“Doctors get it wrong,” she said. “Human life is such a precious gift you should be there, and be cared for until you naturally leave this world. The Latin word for compassion is to walk with another in their time of suffering. When you are walking, you don’t kill them.”
Stuart Armstrong was told he would not make it past 58 years old, but this year he celebrated his 60th birthday. He has an aggressive form of prostate cancer that is spreading to his bones. For him, assisted dying is a question of choice.
“If I meet the long list of criteria and I’m still well – I simply won’t do it. When things get gnarly I want to die on horseback with my wife beside me and surrounded by friends and family. I want to die on my terms.
“I also want to limit the stress on my friends and family seeing me suffer. There is no dignity in that. I don’t believe in God, but for those who do, they can suffer for their God if they wish, but that’s not for me.”
Researcher Jessica Young who is doing a doctorate on assisted dying said terminally ill people who took part in her study welcomed having an option.
Participants found solace in having the agency to choose the timing and manner of their death and felt the status quo was decided by those who were not at the end of their life.
“Much of the research has been conducted with healthy people and not those at the end of their lives,” Young said. “It is all very well for healthy adults to discuss the issue, but until you are dying, you don’t know what it is like.”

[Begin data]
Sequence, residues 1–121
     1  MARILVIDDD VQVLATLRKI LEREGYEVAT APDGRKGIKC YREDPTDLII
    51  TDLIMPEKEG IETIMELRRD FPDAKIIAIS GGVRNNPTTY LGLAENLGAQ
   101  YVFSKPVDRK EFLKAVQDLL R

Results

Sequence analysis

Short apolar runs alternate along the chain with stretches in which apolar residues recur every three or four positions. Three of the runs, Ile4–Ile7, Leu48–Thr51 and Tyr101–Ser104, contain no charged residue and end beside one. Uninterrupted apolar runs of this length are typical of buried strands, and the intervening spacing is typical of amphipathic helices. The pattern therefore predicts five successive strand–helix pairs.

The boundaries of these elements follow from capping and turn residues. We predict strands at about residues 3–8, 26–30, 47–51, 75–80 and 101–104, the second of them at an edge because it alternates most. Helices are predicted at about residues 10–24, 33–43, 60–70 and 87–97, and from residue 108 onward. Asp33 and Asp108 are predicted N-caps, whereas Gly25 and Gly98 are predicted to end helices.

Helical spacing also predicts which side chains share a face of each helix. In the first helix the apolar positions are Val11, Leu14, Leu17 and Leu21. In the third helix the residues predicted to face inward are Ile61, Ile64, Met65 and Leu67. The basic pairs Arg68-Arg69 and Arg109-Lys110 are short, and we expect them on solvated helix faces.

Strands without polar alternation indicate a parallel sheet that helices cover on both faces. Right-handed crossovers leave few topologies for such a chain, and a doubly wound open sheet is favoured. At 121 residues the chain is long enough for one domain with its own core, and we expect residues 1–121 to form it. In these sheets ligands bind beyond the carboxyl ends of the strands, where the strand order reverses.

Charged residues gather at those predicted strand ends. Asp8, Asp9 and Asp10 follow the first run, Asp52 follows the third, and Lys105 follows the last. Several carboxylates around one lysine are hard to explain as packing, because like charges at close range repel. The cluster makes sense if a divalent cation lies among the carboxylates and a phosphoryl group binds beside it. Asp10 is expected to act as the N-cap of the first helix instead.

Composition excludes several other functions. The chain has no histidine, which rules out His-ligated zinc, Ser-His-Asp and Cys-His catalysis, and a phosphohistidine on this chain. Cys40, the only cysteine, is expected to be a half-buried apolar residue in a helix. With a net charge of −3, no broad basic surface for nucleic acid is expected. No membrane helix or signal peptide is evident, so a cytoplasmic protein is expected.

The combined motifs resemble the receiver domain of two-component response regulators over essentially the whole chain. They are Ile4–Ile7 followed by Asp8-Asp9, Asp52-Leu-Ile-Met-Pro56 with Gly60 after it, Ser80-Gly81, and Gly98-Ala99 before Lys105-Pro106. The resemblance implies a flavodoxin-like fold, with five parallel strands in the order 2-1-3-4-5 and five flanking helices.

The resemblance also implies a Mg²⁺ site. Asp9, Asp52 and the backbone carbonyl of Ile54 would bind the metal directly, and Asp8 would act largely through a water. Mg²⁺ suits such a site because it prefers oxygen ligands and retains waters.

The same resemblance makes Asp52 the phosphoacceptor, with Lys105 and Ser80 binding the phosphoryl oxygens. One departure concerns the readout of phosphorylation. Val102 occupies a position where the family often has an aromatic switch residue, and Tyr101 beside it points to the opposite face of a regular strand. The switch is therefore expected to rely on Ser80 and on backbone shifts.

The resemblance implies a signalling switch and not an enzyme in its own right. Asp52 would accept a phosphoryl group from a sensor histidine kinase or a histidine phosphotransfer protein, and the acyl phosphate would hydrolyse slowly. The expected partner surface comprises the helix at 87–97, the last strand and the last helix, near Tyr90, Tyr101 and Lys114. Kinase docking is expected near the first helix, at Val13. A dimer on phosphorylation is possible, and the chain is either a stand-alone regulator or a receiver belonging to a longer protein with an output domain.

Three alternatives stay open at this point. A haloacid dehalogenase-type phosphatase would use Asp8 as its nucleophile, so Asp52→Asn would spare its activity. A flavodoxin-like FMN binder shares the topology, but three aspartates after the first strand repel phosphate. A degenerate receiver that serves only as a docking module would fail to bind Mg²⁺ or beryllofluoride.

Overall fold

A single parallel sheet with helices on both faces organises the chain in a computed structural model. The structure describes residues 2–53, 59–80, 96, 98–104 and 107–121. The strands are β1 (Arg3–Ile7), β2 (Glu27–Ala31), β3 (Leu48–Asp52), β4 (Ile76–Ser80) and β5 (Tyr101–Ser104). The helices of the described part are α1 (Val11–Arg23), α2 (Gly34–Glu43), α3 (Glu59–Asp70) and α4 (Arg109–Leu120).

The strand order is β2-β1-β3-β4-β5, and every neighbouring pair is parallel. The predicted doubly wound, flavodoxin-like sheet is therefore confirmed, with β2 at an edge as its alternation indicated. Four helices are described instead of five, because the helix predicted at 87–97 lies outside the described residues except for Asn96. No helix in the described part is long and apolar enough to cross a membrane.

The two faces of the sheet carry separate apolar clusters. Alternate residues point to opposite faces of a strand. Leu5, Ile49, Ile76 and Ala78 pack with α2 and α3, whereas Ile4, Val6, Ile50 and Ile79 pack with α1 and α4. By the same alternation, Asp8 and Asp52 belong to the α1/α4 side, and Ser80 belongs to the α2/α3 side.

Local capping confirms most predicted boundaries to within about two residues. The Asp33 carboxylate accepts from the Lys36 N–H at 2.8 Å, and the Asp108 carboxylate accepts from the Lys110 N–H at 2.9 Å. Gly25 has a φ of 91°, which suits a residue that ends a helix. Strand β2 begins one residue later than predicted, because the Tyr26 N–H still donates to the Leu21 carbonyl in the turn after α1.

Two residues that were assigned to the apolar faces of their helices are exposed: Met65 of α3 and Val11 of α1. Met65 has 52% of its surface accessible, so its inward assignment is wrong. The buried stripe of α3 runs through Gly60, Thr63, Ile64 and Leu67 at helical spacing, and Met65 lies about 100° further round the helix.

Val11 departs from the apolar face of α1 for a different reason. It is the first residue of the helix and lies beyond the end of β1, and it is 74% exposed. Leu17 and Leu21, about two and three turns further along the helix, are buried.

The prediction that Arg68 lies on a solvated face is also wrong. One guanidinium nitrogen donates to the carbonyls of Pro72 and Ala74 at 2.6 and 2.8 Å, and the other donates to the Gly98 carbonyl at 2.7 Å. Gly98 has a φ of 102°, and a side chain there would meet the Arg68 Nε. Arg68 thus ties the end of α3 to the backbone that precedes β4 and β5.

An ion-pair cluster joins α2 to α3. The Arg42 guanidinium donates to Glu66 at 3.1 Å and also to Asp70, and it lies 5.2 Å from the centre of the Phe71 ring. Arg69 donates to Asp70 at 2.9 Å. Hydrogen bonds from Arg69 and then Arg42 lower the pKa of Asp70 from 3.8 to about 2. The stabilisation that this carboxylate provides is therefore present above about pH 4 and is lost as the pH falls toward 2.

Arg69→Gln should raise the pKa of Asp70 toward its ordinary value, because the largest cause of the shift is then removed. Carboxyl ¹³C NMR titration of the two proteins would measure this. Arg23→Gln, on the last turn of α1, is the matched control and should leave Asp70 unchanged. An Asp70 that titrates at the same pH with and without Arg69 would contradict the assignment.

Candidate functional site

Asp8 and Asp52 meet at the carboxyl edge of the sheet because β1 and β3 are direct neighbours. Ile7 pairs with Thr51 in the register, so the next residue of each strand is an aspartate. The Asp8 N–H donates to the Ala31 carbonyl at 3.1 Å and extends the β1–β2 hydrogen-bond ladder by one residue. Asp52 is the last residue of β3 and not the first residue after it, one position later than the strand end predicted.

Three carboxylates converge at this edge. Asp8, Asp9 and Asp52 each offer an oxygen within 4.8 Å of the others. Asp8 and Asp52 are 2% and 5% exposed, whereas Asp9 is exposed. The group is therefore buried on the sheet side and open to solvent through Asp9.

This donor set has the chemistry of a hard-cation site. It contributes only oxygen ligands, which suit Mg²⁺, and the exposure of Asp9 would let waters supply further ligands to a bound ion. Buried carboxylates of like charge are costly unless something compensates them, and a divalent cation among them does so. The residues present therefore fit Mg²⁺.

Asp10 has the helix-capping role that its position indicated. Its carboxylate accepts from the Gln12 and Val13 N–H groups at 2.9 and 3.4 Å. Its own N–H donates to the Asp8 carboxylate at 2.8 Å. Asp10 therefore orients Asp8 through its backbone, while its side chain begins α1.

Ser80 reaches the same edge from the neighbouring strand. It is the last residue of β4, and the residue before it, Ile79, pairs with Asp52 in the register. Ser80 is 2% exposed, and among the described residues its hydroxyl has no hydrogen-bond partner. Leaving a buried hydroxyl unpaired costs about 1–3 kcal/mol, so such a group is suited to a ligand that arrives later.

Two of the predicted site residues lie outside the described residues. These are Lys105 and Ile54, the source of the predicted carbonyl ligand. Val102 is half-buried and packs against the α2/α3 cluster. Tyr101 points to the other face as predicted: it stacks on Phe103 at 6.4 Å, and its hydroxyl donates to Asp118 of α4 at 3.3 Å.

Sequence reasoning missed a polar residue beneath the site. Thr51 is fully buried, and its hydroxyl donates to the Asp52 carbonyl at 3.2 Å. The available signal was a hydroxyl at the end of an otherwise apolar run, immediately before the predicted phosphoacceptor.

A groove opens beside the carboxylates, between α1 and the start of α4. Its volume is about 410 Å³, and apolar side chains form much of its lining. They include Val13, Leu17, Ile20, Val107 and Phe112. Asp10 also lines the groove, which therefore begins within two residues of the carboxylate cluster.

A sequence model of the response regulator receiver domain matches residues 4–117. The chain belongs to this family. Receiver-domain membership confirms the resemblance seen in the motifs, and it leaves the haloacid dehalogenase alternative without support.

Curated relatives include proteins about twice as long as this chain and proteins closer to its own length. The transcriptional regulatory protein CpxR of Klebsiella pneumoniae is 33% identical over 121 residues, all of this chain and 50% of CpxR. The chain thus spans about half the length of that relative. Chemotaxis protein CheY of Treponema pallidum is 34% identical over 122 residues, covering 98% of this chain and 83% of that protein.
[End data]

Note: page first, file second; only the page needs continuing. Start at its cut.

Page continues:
While those against euthanasia fear the most vulnerable will be harmed, or that healthy people will opt for euthanasia, international research suggests there is no widespread abuse of the practice, Young says.
According to evidence from the Netherlands and the US state of Oregon, assisted dying does not raise the risks for people categorised as vulnerable – which includes the elderly, women, those without health insurance and the disabled.
In New Zealand, where 16.5 percent of the population is Māori, some have rejected euthanasia as interfering with the sacred transition between life and death, says Selah Hart, CEO of Hāpai te Hauora (Māori Public Health).
“There is an understanding and connectivity to the spirits and gods where we acknowledge the passing of any individual as a natural process that should not be tampered with.”
Auckland University of Technology associate professor of Māori Development Ella Henry notes there are also wider concerns around equitable access to healthcare for Māori.
“We have seen our people die on average 10 years earlier than mainstream groups from the kinds of diseases and health conditions that are an ongoing consequence of colonial history,” she said.
“Whether that’s as a result of losing an economic foundation we once had, meaning we are more likely to live in poverty and are over-represented in some of the worst social indicators. It means we don’t have the same access to healthcare and we are vulnerable to suffer for longer periods.”
Still, despite the distrust of the system, newly released polls conducted by Curia Market Research show that 53 percent of people support euthanasia across all seven Māori electorates. This follows research undertaken by Horizon that found 72 percent of Māori said they would vote in support of the change.
The final outcome of the referendum will be confirmed on November 6, and a “yes” vote will give the government until October 2021 to implement the changes.
Hart says education will be crucial to ensure the legislation is fully understood by every New Zealand family including Māori.
“Officials need to support our people so they don’t slip through the cracks, which has been the case traditionally with most policy changes,” Hart said.